Chemical and pharmaceutical makers, power plants, and refineries could more easily modify their plants without adding air pollution controls, under a Sept. 8 EPA proposal.
EPA says the changes would accelerate investments in cleaner, energy-saving technologies and reduce the demand for natural gas. Environmental activists, meanwhile, say the proposal is another attempt by the Bush Administration to provide loopholes in air pollution control requirements.
The proposal would change Clean Air Act regulations on what EPA calls new source review. These regulations define when modifications to an industrial facility increase emissions and require the plant to install modern pollution control technology. Three parts of these complicated regulations would be altered.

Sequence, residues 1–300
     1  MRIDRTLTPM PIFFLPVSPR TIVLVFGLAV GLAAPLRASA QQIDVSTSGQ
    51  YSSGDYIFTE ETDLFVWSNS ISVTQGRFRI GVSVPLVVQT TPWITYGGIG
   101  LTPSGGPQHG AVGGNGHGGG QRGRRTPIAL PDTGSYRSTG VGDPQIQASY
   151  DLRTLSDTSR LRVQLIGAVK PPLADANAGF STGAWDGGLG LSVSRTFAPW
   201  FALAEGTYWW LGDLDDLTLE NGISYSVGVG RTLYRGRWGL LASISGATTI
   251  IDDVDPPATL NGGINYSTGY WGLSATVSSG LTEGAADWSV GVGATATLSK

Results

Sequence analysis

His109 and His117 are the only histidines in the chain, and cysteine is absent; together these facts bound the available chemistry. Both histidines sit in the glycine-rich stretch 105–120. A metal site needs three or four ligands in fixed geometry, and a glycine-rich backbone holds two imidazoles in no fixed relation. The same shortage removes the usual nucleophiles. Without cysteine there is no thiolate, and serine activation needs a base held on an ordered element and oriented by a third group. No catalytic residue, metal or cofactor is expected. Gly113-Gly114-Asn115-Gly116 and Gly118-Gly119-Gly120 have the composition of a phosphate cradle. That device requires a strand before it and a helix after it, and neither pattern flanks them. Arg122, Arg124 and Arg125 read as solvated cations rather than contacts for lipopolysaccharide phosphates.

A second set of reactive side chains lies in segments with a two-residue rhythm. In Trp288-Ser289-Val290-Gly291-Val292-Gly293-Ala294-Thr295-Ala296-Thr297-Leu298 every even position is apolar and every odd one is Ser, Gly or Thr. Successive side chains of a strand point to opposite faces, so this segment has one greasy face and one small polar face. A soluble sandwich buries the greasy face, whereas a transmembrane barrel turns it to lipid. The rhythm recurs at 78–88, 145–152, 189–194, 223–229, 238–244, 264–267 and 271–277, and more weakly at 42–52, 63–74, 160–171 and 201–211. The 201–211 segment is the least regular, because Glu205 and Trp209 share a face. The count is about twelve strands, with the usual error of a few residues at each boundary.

The first part of the proposal involves situations where a company modifies a part of a facility and thereby increases production in other areas of the plant. Under the proposal, any increase in pollution from the unmodified areas of the plant would not count toward new source review.
The second part of the proposal addresses situations in which a facility has plans to implement two or more modifications. If at least one of those projects is dependent on another, EPA would lump them together for new source review. Otherwise, each independent project would be considered separately.
Under the third change, EPA would eliminate the current requirement for a facility to conduct a complex emissions analysis for a project if the modification does not result in a significant increase in air pollution.
The American Chemistry Council is studying the proposal to determine whether it is workable for chemical plants, says Leslie A. Hulse, ACC assistant general counsel.